THE PRACTICE OF YOGA
There is no exact definition of Yoga. A practice that has been around for thousands of years, Yoga has evolved from the strictly classical to unrecognizable variations on the yogic theme. To some, Yoga is primarily physical exercise while to others it is meditative; to some it is the parallels of physical, mental and emotional balance while to others it is about stretching muscles into pretzel shapes or chanting OM.
Yoga is practiced alone in a living room or on a beach, in a class or at a retreat. Though Yoga has become somewhat chic and trendy with a swell of new Yoga instructors opening their doors to clients after completing the basic 200 hour Yoga Teacher Training, and though Yoga studios are cropping up in unexpected places and with unanticipated results, the practice of Yoga is something that begs receptivity and openness. Choose mindfully, and then, with endurance, practice for a period of time before assessing personal impact or worth. Yoga can be a way of life to the dedicated, but it can also be a valuable tool in the toolbox of the business executive, parent, athlete, teacher, health care provider or politician.
Perhaps above all the practice of Yoga is singularly unique to the practitioner’s needs and preferences. Anybody, yes anybody, can practice Yoga. Modifications and adaptations to the asanas (poses) are infinite, and the asanas themselves are but one of the eight limbs of Yoga.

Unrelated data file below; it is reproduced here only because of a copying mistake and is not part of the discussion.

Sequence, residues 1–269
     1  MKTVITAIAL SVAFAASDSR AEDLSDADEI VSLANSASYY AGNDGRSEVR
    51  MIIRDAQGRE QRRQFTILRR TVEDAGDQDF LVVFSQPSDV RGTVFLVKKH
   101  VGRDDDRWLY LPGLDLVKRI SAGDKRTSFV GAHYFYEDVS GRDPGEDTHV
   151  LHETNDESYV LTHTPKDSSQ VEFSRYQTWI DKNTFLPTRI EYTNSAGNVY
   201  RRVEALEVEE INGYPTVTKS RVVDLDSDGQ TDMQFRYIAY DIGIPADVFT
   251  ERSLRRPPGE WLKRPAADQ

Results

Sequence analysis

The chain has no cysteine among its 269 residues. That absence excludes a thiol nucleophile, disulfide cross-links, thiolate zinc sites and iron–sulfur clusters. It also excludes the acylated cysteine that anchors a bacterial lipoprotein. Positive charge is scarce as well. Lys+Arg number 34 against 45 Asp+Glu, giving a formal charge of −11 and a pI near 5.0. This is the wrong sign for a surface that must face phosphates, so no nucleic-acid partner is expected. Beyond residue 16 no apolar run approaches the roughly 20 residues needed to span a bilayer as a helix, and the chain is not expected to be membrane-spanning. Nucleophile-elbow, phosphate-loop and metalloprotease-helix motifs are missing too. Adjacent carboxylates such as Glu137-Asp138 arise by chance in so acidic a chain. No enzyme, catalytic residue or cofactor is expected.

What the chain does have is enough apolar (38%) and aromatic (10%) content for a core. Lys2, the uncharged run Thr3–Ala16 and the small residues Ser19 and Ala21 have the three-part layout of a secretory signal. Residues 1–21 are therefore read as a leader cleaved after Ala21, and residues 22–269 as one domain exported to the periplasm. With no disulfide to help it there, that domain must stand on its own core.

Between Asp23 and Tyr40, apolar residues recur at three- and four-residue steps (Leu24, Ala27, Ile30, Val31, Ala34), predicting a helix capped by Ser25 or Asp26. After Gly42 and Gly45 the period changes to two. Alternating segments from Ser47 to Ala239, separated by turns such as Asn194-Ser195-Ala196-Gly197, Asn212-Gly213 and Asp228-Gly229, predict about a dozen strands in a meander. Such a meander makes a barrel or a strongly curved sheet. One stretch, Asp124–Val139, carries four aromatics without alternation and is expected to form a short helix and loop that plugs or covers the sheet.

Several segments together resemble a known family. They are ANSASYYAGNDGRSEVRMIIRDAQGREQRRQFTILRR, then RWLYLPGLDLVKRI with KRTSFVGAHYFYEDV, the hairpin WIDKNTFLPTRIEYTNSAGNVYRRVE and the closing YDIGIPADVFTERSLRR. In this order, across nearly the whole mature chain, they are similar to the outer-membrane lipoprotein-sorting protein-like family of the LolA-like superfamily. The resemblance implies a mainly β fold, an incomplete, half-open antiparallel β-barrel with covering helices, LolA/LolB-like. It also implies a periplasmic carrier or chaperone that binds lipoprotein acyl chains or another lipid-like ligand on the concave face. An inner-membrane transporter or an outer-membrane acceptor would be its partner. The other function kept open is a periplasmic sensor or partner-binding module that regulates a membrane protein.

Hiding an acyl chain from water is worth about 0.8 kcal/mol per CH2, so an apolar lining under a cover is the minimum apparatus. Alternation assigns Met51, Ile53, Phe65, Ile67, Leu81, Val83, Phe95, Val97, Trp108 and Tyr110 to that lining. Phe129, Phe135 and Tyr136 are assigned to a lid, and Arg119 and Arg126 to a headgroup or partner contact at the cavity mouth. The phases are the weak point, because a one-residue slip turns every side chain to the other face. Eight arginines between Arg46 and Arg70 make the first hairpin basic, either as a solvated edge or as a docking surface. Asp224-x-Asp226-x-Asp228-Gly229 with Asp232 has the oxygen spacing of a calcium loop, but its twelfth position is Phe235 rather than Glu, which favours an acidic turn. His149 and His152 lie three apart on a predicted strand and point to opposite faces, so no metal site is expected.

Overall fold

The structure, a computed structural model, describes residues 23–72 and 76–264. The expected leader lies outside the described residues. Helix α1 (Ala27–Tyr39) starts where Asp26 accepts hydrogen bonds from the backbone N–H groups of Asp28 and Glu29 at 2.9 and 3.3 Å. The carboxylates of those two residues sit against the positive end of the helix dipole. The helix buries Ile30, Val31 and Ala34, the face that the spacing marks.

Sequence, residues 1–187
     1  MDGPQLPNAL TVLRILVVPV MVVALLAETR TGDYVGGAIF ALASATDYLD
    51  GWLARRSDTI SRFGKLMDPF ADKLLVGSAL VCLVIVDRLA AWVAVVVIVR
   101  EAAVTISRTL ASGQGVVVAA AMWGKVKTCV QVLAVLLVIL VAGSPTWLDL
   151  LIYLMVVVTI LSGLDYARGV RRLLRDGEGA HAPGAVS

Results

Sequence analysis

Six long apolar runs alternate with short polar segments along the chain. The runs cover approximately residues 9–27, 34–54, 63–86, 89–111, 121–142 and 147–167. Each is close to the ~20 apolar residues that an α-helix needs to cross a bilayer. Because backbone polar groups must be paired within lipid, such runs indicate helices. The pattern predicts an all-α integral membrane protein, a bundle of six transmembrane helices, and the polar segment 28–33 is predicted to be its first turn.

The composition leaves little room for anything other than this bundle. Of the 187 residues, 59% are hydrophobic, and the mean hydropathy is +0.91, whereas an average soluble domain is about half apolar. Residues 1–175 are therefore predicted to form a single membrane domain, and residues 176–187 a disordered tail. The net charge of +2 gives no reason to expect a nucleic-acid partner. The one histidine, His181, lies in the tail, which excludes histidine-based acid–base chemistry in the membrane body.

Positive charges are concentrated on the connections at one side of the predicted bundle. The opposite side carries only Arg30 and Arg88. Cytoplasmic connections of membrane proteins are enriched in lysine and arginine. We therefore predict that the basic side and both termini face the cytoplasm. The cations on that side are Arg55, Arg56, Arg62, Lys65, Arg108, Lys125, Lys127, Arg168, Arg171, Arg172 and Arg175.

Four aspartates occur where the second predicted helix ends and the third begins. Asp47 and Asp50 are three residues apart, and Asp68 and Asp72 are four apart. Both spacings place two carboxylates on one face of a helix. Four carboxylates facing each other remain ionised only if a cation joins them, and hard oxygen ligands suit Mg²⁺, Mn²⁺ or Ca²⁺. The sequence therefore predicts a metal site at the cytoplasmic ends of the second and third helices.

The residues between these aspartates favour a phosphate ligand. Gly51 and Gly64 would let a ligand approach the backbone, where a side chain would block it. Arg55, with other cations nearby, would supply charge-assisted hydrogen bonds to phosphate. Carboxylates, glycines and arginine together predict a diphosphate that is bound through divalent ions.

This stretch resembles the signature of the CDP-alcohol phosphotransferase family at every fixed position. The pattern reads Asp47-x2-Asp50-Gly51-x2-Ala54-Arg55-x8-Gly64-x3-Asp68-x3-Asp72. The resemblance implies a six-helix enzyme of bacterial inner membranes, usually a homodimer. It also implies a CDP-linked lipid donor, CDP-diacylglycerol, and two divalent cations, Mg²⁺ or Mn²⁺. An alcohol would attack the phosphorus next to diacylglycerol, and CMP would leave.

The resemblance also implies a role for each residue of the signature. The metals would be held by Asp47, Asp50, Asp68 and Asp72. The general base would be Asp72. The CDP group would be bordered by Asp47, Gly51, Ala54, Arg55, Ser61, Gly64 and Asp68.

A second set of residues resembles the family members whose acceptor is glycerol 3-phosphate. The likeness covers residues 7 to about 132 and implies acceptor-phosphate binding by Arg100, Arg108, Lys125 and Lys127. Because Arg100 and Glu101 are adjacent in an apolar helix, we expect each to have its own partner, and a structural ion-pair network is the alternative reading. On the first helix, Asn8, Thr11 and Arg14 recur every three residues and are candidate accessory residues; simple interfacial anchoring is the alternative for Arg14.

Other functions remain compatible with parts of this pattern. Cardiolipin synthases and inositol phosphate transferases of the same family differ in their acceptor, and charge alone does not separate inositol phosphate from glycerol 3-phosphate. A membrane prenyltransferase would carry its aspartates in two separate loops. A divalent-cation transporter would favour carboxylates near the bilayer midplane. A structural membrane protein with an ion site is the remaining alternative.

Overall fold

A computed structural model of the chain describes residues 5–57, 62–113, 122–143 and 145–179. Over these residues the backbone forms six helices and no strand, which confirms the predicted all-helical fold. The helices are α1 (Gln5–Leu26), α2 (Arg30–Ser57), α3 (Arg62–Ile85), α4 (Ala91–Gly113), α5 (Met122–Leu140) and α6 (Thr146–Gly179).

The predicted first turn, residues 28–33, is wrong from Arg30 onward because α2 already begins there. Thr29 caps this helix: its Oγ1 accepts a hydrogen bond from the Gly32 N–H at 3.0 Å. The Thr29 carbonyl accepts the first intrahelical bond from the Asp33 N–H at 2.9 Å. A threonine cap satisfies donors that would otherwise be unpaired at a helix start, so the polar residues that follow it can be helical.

Take a look at the classes offered in your area or at books and websites promoted on your computer. In one column there is Anusara, Ashtanga, Bikram, Hatha, Iyengar, Jivamukti, Kripalu, Kundalini, Prenatal, Restorative, Vinyasa, multiple combinations and embellishments on the above; and in the other column there is YIN yoga, based on Chinese medicine principles.
Is any one “right?” Is one better than another? How do I choose? Be an informed consumer. Investigate the type of Yoga offered and by whom it is taught. Consider your body type, schedule, and most of all, what you want to gain by adding Yoga to your busy days. Just as every competitive athlete has a training plan with a purpose to each training session, so too does Yoga practice include both intention and attention.
When you’re ready, go. It’s you and your mat. There’s no one watching and judging and there’s no one to compete with. You will learn techniques to help you breathe through long meetings or ¾ the way through a time trial, gain flexibility to help prevent injury, and balance to juggle tasks as well as stresses. You will learn when to back off a little and when to endure, when to go a little deeper and when to accept. In short, you will begin a journey that will take you to new places. You will ultimately define your preferences, but be humbled, as I am, by the depth of this study, the possibilities that are there for the seeking.
Most Yoga classes end with the instructor leading the students, with hands together at their heart in a final salutation of Namaste which, in its simplest, means “I bow to you.” And so I do.